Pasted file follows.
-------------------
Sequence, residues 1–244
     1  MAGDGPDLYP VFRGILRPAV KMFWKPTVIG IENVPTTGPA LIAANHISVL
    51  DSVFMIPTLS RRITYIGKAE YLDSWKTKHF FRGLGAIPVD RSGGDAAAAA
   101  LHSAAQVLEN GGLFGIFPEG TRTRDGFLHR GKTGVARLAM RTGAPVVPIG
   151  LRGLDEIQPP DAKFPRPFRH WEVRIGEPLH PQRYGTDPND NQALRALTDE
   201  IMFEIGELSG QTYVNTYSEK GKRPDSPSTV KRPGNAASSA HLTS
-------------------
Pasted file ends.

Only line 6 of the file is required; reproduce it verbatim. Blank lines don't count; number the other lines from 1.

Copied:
   201  IMFEIGELSG QTYVNTYSEK GKRPDSPSTV KRPGNAASSA HLTS